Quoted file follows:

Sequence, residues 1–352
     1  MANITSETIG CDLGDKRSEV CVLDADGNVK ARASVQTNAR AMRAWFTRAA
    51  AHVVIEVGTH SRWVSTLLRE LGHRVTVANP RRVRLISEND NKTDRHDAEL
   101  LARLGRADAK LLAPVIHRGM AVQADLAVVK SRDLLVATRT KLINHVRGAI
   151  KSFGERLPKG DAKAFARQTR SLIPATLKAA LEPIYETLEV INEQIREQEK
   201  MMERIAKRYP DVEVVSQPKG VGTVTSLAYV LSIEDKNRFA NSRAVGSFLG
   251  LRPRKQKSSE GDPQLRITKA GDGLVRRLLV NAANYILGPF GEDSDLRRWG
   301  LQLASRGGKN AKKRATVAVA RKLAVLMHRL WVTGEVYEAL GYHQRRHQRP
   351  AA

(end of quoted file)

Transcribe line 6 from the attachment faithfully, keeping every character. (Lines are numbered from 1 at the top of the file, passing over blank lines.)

   201  MMERIAKRYP DVEVVSQPKG VGTVTSLAYV LSIEDKNRFA NSRAVGSFLG